Story on the Washington Examiner website here: FCC targets Big Tech with new regulatory fees
The Federal Communications Commission is looking to hit Big Tech companies with new regulatory fees related to their high use of broadband facilitated by the agency — a sign of Washington's growing skepticism of Silicon Valley wealth and power.
In a Notice of Proposed Rulemaking from August, the commission announced a plan to collect regulatory fees from large tech companies that use unlicensed spectrum — free airwaves used for Wi-Fi and Bluetooth.
The proposed rulemaking, which has not previously been reported, concerns the $300 million to $400 million in fees the commission currently collects from regulated entities, such as radio stations, cable and phone companies, satellite operators, and internet providers.
Now the commission is trying to ensure that tech giants, such as Facebook and Google, and streaming kings, such as Netflix and Disney, take on some of the fees because of how much they benefit from the agency’s broadband certifications, regulations, and services.
“Up to now, large technology companies have contributed essentially nothing despite potentially falling within the scope of Congress's regulatory fee directive,” Republican FCC Commissioner Brendan Carr told the Washington Examiner.
“I am glad the FCC is considering whether any large tech companies that Congress intended to contribute start paying their fair share as required by the law,” he said.
The proposed rulemaking is supported by the National Association of Broadcasters , which aims to shunt some of the fees borne by its members to Big Tech companies.
The total amount the commission is supposed to raise through regulatory fees is set by Congress, and so if one entity pays less in fees, the difference must be made up by more or new fees from another entity — in this case, large tech companies.
Yet some consumer advocates and public interest groups say that the proposed rulemaking could open up a can of worms given how open-ended unlicensed spectrum regulatory fees could be interpreted.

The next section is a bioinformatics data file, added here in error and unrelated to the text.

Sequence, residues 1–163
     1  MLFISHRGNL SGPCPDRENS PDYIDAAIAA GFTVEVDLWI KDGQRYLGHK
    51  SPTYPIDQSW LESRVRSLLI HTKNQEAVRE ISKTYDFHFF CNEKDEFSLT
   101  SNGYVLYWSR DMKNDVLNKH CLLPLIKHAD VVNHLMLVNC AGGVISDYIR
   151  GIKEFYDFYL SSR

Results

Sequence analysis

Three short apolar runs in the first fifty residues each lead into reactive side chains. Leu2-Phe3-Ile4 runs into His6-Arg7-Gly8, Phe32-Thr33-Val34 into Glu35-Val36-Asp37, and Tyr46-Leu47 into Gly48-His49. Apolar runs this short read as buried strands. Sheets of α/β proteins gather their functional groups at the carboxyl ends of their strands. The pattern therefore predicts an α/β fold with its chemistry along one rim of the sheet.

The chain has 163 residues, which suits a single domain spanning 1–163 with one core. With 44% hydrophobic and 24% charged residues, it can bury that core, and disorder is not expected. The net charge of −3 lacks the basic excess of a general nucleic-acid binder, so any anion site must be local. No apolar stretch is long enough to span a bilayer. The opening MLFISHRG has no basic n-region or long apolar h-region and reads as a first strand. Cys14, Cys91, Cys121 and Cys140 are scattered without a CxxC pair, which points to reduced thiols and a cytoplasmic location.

Unlicensed spectrum was first established by the commission in 1985, and allows the general public to freely use, without a license, services such as Wi-Fi networks, Bluetooth waves, garage door openers, and other wireless technologies.
“The FCC is asking the public if we think fees on unlicensed spectrum is a good idea or not,” said Harold Feld, a telecom policy expert and lawyer at the consumer advocacy group Public Knowledge. “And I’m here to say it’s a bad idea. In the spirit of Halloween, I plan to take a chainsaw to it."
The FCC’s proposed rulemaking says that it is attempting to find ways to go about “assessing regulatory fees on unlicensed spectrum users,” which could be broadly interpreted to include any device that uses Wi-Fi or Bluetooth, Feld said.
He is not opposed to tech companies paying the commission regulatory fees, but doesn't want the rulemaking to hurt consumers or smaller businesses.
Feld said that he does not think a new set of fees on all companies that use unlicensed spectrum is likely to become law, but he worries about language in the rulemaking being twisted and used for problematic purposes.
Congress and the FCC have considered placing new fees on unlicensed spectrum for decades and are now closer than ever to making it a reality, he said.
“If nothing else, it should be a lesson that such proposed rulemakings need to be crafted in a careful fashion, especially when it could affect the entire general public. The FCC did it in a very sloppy fashion right now,” said Feld.
The Big Tech companies themselves are not keen to pay any of the FCC's regulatory fees, regardless of the fact that they would be relatively small, in context, as they say they are being unfairly targeted as internet companies.
“This is the FCC trying to tax our internet coming and going,” said Carl Szabo, vice president and general counsel at NetChoice, an advocacy group that represents tech companies, including Facebook and Google, that oppose government fees and regulations of online platforms.
“Americans already pay the FCC’s taxes to get on the internet, and now the FCC is seeking to impose new taxes on the websites we visit and streaming services we use,” Szabo said.